Monday, October 23, 2017

#NaNoWriMo and #PiBoIdMo - Developing Your Idea

Last week, I discussed National Novel Writing Month (NaNoWriMo) and Picture Book Idea Month (PiBoIdMo), both of which take place over the month of November. If you plan to participate, it helps to do some prep!

Here are some tips for developing your idea. (If you are doing NaNoWriMo, try to do this before you start writing in November. For PiBoIdMo, bookmark this post or print it out so you can use it as you brainstorm ideas next month.)

(The following is excerpted from You Can Write for Children: How to Write Great Stories, Articles, and Books for Kids and Teenagers. The book is available for the Kindle, in paperback, or in Large Print paperback. That book and Advanced Plotting will provide lots of help as you write and edit.)

Developing an Idea

If you have a “great idea,” but can’t seem to go anywhere with it, you probably have a premise rather than a complete story plan. A story should have three parts: beginning, middle, and end (plus title and possibly bonus material). This can be a bit confusing though. Doesn’t every story have a beginning, middle, and end? It has to start somewhere and end at some point, and other stuff is in the middle. Beginning, middle, and end!

Technically, yes, but certain things should happen at those points.

1.   The beginning introduces a character with a problem or a goal.

2.  During the middle of the story, that character tries to solve the problem or reach the goal. He probably fails a few times and has to try something else. Or he may make progress through several steps along the way. He should not solve the problem on the first try, however.

3.  At the end, the main character solves the problem himself or reaches his goal through his own efforts.

You may find exceptions to these standard story rules, but it’s best to stick with the basics until you know and understand them. They are standard because they work!

Cute, but no conflict
Teachers working with beginning writers often see stories with no conflict – no problem or goal. The story is more of a “slice of life.” Things may happen, possibly even sweet or funny things, but the story does not seem to have a clear beginning, middle, and end; it lacks structure. Without conflict, the story is not that interesting.

You can have two basic types of conflict. An external conflict is something in the physical world. It could be a problem with another person, such as a bully at school, an annoying sibling, a criminal, or a fantastical being such as a troll or demon. External conflict would also include problems such as needing to travel a long distance in bad weather.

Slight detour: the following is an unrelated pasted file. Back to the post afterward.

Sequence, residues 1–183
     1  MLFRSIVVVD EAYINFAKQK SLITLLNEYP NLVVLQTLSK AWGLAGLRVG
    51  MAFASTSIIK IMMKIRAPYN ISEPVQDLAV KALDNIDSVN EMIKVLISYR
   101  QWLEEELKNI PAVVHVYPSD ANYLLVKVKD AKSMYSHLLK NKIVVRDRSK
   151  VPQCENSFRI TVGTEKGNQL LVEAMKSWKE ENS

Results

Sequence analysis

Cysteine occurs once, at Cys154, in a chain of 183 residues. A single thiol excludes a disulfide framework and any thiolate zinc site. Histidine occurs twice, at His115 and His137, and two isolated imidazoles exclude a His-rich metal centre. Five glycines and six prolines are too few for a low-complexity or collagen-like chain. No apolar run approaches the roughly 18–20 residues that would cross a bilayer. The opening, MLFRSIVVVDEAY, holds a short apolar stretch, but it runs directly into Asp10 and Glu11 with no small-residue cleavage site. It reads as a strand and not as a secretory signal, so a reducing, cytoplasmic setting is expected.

The other type of conflict is internal. This could be anything from fear of the dark to selfishness. It’s a problem within the main character that she has to overcome or come to terms with.

An internal conflict is often expressed in an external way. If a child is afraid of the dark, we need to see that fear in action. If she’s selfish, we need to see how selfishness is causing her problems. Note that the problems need to affect the child, not simply the adults around her. If a parent is annoyed or frustrated by a child’s behavior, that’s the parent’s problem, not the child’s. The child’s goal may be the opposite of the parent’s; the child may want to stay the same, while the parent wants the child to change.

For stories with internal conflict, the main character may or may not solve the external problem. The child who is afraid of the dark might get over that fear, or she might learn to live with it by keeping a flashlight by her bed. The child who is selfish and doesn’t want to share his toys might fail to achieve that goal. Instead, he might learn the benefits of sharing.

However the problem is resolved, remember that the child main character should drive the solution. No adults stepping in to solve the problem! In the case where a child and a parent have different goals, it won’t be satisfying to young readers if the parent “wins” by punishing the child. The child must see the benefit of changing and make a decision to do so.

A Story in Four Parts

If “beginning, middle, and end” doesn’t really help you, here’s another way to think of story structure. A story has four main parts: situation, complications, climax, and resolution. You need all of them to make your story work. (This is really the same as beginning, middle, and end, with the end broken into two parts, but the terms may be clearer.)

The situation should involve an interesting main character with a challenging problem or goal. Even this takes development. Maybe you have a great challenge, but aren’t sure why a character would have that goal. Or maybe your situation is interesting, but it doesn’t actually involve a problem.